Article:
… it’s Major League Baseball.
The fallout started early this morning, when KTVU reached out to the A’s to get their reaction to MLB’s threat to move the A’s to AT&T Park.
That was followed by AP sports scribe Janie McCauley reporting something similar, but without the weaselly-sounding “intend to” in it. Included was a statement from the Coliseum Authority (JPA):
“We are working on a deal that we believe will be beneficial for both our tenant and the people of this community,” the statement said. “We are confident that everyone involved sees the value in continuing for as long as possible the 45-year relationship between the A’s and the City of Oakland. While we cannot comment on the specific issues now under discussion or on whether there is any basis to recent rumors that Major League Baseball has played a role in the discussions, we are optimistic that a final deal is close at hand.”
Later, BANG’s Matthew Artz dug deeper, picking up more sentiment from East Bay pols.
Sources with knowledge of the Coliseum authority’s private deliberations Friday said there was movement toward softening its stance that the A’s relinquish control over concessions and signage revenue at O.co Coliseum, which comes at the expense of the Raiders.
“The key point is that the authority wants the A’s to stay in Oakland and is not willing to risk losing them over that issue,” said one source privy to the discussions.
Then Mark Purdy got into the JPA’s thinking in holding out over the extension:
Naturally, the A’s balked at the Coliseum’s original terms for a longer lease. Miley and his fellow board members reportedly held firm, believing that the A’s had no other options but to play at O.co in 2014. And at that point, MLB voices tossed out the concept of the A’s playing temporarily at AT&T Park until a new ballpark project could be developed elsewhere.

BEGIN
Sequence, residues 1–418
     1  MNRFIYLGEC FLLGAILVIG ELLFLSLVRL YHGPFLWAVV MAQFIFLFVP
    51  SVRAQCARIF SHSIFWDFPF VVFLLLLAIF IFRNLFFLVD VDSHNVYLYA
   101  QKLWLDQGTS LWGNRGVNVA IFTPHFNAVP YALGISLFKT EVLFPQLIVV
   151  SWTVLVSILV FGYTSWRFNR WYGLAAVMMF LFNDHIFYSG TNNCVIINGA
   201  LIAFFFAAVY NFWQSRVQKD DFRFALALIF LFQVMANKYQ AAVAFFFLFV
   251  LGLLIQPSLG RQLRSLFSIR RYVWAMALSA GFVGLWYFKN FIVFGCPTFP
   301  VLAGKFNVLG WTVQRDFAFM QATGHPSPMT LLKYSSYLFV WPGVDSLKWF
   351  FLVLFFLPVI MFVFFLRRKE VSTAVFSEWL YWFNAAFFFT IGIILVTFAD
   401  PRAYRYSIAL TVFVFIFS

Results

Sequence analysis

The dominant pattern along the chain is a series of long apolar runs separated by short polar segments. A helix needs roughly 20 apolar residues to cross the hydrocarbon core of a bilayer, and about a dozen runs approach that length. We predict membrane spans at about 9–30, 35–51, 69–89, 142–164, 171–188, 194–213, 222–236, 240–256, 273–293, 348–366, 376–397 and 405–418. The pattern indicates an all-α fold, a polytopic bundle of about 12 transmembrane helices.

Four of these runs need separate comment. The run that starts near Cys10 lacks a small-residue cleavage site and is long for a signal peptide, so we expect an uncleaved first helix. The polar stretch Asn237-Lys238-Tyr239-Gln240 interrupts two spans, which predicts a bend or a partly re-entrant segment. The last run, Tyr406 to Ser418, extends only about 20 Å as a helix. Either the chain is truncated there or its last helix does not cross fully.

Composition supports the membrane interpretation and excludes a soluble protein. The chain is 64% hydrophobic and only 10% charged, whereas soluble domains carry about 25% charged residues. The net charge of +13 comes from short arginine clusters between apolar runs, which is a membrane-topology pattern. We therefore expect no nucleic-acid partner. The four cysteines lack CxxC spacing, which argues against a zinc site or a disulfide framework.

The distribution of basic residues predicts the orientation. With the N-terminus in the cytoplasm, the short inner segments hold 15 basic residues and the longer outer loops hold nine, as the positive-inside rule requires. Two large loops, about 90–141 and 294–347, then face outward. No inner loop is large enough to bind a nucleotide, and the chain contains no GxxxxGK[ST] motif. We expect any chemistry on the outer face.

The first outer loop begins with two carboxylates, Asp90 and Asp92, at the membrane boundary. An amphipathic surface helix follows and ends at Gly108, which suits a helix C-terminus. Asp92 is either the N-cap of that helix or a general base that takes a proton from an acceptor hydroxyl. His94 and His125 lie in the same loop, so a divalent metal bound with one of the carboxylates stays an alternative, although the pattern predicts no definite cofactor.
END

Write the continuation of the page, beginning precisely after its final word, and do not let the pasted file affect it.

Also, don’t forget that the JPA hasn’t exactly shown a lot of urgency on behalf of the A’s. Consider what JPA board member and Oakland City Councilmember Rebecca Kaplan said a month ago:
And the six- to eight-year window should give Oakland plenty of time to get serious about building a replacement ballpark and luring the A’s to stay, Kaplan said.
You have to think that Selig’s threat action was motivated by this rather cavalier attitude towards the A’s.
It certainly appears that all that remains is for the A’s and JPA to make certain compromises and finalize the terms. One of the chief issues will be the $3 million in parking fees the A’s owe the JPA. A good compromise would be for the A’s to pay that money, which the JPA would turn around and use for the belated scoreboard revamp and other capital improvements. And the A’s should get that flexibility they’re seeking.
Concessions revenue is another matter. The A’s could retain control with their own cut of each beer or hot dog (this was originally negotiated when the A’s settled a lawsuit with the JPA after Mt. Davis was built). But how would the Raiders and Mark Davis react? Unlike the A’s, who are continuously profitable, the Raiders frequently flirt with the red – a seemingly impossible feat given the NFL’s extensive revenue sharing and TV contracts. Much of that is due to cap mismanagement during the Al Davis era. Some of that is attributable to lacking stadium revenues, especially concessions. It seems unlikely that Mark Davis will bolt just because of maintaining the status quo, but he could also choose to build a case for leaving based on this. He and the NFL have been pushing the JPA on the Raiders’ own extension, Davis going so far as to prefer to demolish and build anew at the site of the current Coliseum. Such a plan would force the A’s out, a possibility that Lew Wolff has been rightly concerned about. MLB’s involvement has pushed the pendulum in the A’s direction.
It’s cruel that the NFL and MLB are (not so) stealthily playing tug-of-war with the JPA over the Coliseum. As the Giants would say regarding sharing AT&T Park or giving up territorial rights to the South Bay, It’s not personal, it’s business.
As for AT&T Park? Who knows, that threat may resurface down the road.